A couple of months ago, my friend completed a Land’s End to John O’Groats virtual cycling fundraising challenge. By her own admission, she is more of a “couch to couch” rather than ‘couch to 5K’ person, so she did amazingly well to complete this, ahead of schedule too. During the same month, this kit came with my embroidery magazine so I thought this would make a great memento for Ruth.
The kit came with the embroidery flosses, a pink embroidery hoop and the image pre-printed on some cotton fabric.
The magazine gave instructions on which stitches to use for the different sections.
Once the picture was finished, I thought it would be nice to add a few details to make it personal. I designed the layout on my computer and printed it out, then, using my lightbox, transferred the design onto the fabric and embroidered it.
To finish, I folded the edges of the fabric in and glued a circle of felt on the back to neaten. Lastly, a loop of ribbon was added for hanging.
You may recall my post back in February when I had started my set of the 12 Days of Christmas felt ornaments stating that I had started early in the hope that I might get them all finished in time for Christmas? Well, I’ve finished them already – shock, horror!! I’m completely amazed myself to be honest. I think the main reason for this success is because the pattern is so well written it makes it easy and the ornaments are sooooo cute that as soon as one was finished, I immediately wanted to move on to making the next! Whilst it’s the 12 days, there are actually 15 ornaments as the partridge has a pear, the goose has an egg and Mr. Leaping has a heart, bless him! Well, the song is about true love after all. In case you’re thinking I’ve gone completely doolally and numbered the last 4 wrongly, there are several variations of the carol; these ornaments are based on the original carol from 1780.
Firstly, and unusually for me, I did what the pattern said and purchased wool blend felt. I have a stash of acrylic felt but the pattern specifically said that you wouldn’t get good results without using wool or wool blend felt. I can see now how that might happen as the edges are whip stitched with a tiny seam so the acrylic felt probably wouldn’t have held. The absolute most important step was to preshrink the felt which was done by soaking each sheet in cold water for a few minutes then placing on a towel, lightly pressing to remove excess water then leaving to dry naturally. Each 12” piece shrunk by at least an inch so the pieces would have been all sorts of shapes had I skipped this step.
The designer recommends using the catchily titled Sulky™ Printable Sticky Fabri-Solvy, now renamed to Sulky™ Printable Stick ‘n’ Stitch. I got mine from Amazon from a US craft shop but there are craft shops in the UK selling it now. This stuff is absolute GENIUS! After printing out the pattern on normal paper and checking that the print was scaled properly by using the handy measure guide on the pattern, you just put in the sheet of Sulky™ and print. All of the pieces required are printed and it’s simply a case of rough cutting around them and removing the backing to adhere them to the felt colour of your choice.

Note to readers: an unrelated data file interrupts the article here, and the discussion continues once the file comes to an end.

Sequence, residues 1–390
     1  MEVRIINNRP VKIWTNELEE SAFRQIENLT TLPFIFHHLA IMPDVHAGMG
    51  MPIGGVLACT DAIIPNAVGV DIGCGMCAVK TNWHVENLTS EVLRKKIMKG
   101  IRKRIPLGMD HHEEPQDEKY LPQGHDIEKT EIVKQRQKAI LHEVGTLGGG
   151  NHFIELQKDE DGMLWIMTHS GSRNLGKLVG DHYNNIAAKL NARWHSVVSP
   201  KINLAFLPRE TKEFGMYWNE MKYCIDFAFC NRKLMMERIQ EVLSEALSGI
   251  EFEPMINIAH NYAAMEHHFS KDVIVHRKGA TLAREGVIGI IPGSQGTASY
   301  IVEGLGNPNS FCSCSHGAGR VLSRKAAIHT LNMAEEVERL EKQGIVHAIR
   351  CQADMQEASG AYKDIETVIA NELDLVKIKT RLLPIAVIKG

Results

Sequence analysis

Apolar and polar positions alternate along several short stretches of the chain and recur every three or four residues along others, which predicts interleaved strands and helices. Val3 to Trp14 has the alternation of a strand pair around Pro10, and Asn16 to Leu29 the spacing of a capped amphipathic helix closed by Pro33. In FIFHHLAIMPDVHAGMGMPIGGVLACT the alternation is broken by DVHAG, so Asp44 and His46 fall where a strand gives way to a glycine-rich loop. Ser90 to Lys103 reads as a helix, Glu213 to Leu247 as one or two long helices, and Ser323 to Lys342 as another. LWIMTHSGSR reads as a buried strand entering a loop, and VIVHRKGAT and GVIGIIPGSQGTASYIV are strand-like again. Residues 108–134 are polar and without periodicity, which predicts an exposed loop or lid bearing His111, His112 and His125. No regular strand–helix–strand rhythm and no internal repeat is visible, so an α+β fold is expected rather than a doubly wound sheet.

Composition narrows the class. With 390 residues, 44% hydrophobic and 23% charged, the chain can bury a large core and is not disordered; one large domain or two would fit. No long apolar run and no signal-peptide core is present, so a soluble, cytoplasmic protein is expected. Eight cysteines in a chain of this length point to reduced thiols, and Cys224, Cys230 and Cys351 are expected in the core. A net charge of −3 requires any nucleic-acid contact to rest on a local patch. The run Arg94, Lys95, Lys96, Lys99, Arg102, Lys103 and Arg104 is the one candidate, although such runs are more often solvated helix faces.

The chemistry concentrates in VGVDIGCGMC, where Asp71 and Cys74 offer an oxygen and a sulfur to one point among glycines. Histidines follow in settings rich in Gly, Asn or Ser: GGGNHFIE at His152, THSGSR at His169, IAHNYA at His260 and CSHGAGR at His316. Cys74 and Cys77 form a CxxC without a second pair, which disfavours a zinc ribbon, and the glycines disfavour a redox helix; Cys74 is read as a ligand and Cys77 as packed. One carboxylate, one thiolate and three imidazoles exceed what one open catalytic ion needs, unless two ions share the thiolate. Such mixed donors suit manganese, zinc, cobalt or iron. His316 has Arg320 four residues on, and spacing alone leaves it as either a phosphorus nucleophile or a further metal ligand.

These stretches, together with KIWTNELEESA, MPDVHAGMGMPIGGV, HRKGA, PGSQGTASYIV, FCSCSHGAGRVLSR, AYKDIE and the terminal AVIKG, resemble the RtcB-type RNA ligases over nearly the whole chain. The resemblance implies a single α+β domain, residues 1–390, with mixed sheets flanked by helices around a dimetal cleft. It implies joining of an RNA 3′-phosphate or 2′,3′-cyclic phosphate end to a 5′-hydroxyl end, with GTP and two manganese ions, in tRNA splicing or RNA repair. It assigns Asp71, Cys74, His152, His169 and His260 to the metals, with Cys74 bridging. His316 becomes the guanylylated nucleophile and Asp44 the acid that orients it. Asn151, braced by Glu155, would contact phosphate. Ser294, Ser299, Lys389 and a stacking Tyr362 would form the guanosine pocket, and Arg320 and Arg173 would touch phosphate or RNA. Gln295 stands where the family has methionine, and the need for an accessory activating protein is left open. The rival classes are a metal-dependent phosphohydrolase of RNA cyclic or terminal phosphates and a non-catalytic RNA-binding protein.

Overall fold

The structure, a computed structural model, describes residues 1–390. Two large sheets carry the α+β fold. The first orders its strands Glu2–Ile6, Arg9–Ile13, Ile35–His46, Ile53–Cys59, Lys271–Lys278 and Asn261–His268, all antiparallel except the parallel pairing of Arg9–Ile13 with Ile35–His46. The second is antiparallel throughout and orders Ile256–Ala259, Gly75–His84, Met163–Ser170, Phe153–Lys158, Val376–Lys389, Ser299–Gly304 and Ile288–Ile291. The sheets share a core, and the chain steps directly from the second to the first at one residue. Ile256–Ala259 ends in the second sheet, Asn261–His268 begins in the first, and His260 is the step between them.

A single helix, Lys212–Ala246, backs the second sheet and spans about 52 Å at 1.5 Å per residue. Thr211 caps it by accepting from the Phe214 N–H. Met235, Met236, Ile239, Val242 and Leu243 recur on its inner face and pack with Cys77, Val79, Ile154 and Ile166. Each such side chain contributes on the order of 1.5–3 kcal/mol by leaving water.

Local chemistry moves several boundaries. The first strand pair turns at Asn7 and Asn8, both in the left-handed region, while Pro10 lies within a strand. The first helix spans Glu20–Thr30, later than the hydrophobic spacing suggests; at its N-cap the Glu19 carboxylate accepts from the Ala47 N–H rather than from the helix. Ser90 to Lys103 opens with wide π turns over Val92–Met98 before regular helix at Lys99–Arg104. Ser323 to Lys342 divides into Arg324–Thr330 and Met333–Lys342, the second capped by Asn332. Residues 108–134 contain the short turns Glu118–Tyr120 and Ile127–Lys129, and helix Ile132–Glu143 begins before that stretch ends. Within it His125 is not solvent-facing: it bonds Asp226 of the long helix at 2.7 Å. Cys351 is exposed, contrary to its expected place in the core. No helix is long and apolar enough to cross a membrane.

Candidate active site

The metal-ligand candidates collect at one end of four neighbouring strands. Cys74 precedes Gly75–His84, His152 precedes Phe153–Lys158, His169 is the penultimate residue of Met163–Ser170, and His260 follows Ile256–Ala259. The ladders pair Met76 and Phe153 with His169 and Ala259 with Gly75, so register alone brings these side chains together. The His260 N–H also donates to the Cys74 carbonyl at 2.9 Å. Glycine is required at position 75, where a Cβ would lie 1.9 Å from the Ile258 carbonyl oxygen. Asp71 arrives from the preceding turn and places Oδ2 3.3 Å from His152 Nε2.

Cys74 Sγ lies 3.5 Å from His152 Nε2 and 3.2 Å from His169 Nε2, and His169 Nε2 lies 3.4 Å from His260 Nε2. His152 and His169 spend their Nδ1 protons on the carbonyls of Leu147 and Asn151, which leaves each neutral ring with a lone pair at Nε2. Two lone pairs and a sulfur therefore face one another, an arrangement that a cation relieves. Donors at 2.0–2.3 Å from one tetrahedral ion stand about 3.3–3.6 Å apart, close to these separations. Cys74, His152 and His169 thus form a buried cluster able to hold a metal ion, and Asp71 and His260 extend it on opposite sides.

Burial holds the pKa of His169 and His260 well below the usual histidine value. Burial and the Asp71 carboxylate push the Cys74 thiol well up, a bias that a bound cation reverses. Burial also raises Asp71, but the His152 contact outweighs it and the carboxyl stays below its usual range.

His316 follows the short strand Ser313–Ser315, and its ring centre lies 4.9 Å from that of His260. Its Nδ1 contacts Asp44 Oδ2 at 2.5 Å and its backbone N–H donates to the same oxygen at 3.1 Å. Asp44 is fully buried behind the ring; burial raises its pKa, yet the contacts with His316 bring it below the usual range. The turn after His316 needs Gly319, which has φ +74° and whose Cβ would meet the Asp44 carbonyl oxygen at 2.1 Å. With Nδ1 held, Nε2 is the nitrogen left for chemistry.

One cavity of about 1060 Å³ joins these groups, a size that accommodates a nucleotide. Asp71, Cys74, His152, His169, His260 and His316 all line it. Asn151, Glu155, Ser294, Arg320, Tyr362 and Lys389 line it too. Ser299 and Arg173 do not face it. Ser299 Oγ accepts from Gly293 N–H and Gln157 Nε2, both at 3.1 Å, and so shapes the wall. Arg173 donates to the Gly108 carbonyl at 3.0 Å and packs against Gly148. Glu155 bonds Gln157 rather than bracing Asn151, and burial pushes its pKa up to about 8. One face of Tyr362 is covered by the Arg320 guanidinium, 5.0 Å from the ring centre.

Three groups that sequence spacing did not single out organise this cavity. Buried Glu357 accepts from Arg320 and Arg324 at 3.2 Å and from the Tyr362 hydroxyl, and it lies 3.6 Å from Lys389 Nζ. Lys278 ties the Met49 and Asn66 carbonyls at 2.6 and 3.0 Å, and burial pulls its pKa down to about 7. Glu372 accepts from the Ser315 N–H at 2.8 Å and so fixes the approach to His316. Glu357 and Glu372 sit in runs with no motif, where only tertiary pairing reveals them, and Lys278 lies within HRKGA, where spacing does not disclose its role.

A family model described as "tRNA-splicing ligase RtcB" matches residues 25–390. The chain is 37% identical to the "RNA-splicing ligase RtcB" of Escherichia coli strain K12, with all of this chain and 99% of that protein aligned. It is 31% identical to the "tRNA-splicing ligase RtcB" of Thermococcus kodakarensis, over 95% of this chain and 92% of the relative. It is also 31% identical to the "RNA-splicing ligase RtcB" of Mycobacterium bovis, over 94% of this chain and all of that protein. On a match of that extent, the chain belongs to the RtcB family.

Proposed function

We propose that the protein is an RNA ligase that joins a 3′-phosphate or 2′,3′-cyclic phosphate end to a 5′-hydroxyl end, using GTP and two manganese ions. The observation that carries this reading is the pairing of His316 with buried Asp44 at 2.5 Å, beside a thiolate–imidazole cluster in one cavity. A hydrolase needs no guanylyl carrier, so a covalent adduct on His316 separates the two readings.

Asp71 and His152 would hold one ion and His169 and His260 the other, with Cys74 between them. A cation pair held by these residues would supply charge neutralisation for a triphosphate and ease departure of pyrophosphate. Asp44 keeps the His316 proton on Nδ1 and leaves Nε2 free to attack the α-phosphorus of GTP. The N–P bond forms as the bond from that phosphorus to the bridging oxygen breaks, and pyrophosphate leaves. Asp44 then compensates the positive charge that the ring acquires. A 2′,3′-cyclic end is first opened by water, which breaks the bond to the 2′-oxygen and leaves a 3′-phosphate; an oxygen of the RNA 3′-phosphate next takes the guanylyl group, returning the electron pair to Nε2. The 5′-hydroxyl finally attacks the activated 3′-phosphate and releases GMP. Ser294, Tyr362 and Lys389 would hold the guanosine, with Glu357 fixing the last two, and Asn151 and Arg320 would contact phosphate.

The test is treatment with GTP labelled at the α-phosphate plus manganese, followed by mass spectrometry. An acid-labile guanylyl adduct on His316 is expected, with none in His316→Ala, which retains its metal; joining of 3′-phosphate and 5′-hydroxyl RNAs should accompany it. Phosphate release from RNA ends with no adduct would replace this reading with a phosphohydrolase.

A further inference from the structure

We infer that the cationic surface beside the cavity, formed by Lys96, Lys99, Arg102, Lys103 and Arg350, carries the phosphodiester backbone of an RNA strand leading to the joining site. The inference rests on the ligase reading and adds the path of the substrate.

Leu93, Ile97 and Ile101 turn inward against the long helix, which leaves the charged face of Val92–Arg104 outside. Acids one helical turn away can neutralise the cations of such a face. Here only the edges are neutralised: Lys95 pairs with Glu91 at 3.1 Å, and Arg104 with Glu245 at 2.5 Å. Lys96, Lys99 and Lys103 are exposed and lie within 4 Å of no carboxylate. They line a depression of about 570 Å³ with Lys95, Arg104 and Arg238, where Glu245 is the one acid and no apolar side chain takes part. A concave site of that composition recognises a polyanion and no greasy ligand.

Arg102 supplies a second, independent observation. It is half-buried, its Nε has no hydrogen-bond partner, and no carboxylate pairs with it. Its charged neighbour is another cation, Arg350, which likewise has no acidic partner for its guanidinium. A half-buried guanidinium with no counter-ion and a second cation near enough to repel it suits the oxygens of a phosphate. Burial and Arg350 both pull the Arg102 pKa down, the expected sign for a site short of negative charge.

The embroidery is designed to be the star of the show so the pattern encourages you to choose contrasting floss that really stands out. I found choosing the felt and floss colours to be one of the hardest jobs. My threads were a bit of a mess, all bundled up together in an old wash bag so I treated myself to a floss organiser, complete with thread bobbins. This made my floss selection process a lot easier I can tell you.
Next job was to sew the embroidery. It’s mainly back stitch, a bit of running stitch and lots of French knots. I used to hate French knots and did substitute some with seed beads for the first few but I guess I became better at them with all that practice and I don’t mind them at all now. Once the embroidery was complete, the pieces were carefully cut out…
…then soaked for 15-20 minutes in cold water to dissolve the stabiliser and then left to dry face up on a dry towel.
One day, when I was feeling particularly brave and artistic(!) I decided to try my hand at making the heads for days 8-12. The pattern offers great tips for eye and mouth placement. After lightly drawing the features with a pencil, I then coloured them in with fabric marker pens. These were great as they didn’t bleed into the wooden beads at all so the images are really crisp.
The construction is largely the same in that all pieces are sewn with wrong sides together using a whip stitch and matching floss. Depending on the ornament, interfacing, cardboard, pipe cleaners, wooden beads, fabric markers and cocktail sticks may be needed in addition to fibre stuffing and fabric glue. The instructions for constructing the ornaments are really clear and easy to follow.
So, a mere 2½ months after I began, the whole gang is finished. Woohoo! And here they are…
A closer look at Days 1-4…
Even the backs look great too!
I’m now working on a storage box for the ornaments as they are too precious to be thrown in with the rest of the Christmas decs. Watch this space for that post!
These ornaments are a bit fiddly to make at times but not so much so that it put me off finishing. In fact, I’ve enjoyed making them so much, I’m going to make another set in a more limited colour palette.
If you like the look of these you can find out more on Larissa’s website, where there are links to her shop to buy the patterns together with lots of tips, techniques and colour scheme ideas. There are also lots of inspiring colour palettes on Instagram at #twelvedaysornaments and #mmmcrafts.